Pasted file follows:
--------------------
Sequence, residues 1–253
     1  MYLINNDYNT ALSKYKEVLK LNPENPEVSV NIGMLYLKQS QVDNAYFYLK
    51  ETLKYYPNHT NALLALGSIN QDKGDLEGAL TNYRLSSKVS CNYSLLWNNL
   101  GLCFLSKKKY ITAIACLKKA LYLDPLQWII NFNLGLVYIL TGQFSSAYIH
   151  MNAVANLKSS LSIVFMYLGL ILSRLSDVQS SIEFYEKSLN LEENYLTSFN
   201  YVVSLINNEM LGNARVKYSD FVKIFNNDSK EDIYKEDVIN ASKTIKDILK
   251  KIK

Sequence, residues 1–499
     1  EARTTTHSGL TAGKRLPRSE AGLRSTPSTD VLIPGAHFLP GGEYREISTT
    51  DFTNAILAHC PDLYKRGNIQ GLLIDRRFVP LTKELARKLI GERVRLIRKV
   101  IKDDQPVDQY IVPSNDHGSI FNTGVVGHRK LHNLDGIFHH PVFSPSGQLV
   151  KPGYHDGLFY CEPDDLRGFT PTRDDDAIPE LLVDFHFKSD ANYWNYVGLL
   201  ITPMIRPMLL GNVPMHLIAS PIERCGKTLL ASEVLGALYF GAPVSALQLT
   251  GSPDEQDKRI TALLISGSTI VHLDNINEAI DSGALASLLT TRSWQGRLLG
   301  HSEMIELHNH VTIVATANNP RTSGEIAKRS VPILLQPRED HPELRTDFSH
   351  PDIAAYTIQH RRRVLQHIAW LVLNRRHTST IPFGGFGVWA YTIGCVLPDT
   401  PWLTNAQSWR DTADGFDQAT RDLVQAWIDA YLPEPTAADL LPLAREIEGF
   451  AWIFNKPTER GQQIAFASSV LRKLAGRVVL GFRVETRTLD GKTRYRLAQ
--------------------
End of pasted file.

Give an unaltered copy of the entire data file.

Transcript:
Sequence, residues 1–253
     1  MYLINNDYNT ALSKYKEVLK LNPENPEVSV NIGMLYLKQS QVDNAYFYLK
    51  ETLKYYPNHT NALLALGSIN QDKGDLEGAL TNYRLSSKVS CNYSLLWNNL
   101  GLCFLSKKKY ITAIACLKKA LYLDPLQWII NFNLGLVYIL TGQFSSAYIH
   151  MNAVANLKSS LSIVFMYLGL ILSRLSDVQS SIEFYEKSLN LEENYLTSFN
   201  YVVSLINNEM LGNARVKYSD FVKIFNNDSK EDIYKEDVIN ASKTIKDILK
   251  KIK

Sequence, residues 1–499
     1  EARTTTHSGL TAGKRLPRSE AGLRSTPSTD VLIPGAHFLP GGEYREISTT
    51  DFTNAILAHC PDLYKRGNIQ GLLIDRRFVP LTKELARKLI GERVRLIRKV
   101  IKDDQPVDQY IVPSNDHGSI FNTGVVGHRK LHNLDGIFHH PVFSPSGQLV
   151  KPGYHDGLFY CEPDDLRGFT PTRDDDAIPE LLVDFHFKSD ANYWNYVGLL
   201  ITPMIRPMLL GNVPMHLIAS PIERCGKTLL ASEVLGALYF GAPVSALQLT
   251  GSPDEQDKRI TALLISGSTI VHLDNINEAI DSGALASLLT TRSWQGRLLG
   301  HSEMIELHNH VTIVATANNP RTSGEIAKRS VPILLQPRED HPELRTDFSH
   351  PDIAAYTIQH RRRVLQHIAW LVLNRRHTST IPFGGFGVWA YTIGCVLPDT
   401  PWLTNAQSWR DTADGFDQAT RDLVQAWIDA YLPEPTAADL LPLAREIEGF
   451  AWIFNKPTER GQQIAFASSV LRKLAGRVVL GFRVETRTLD GKTRYRLAQ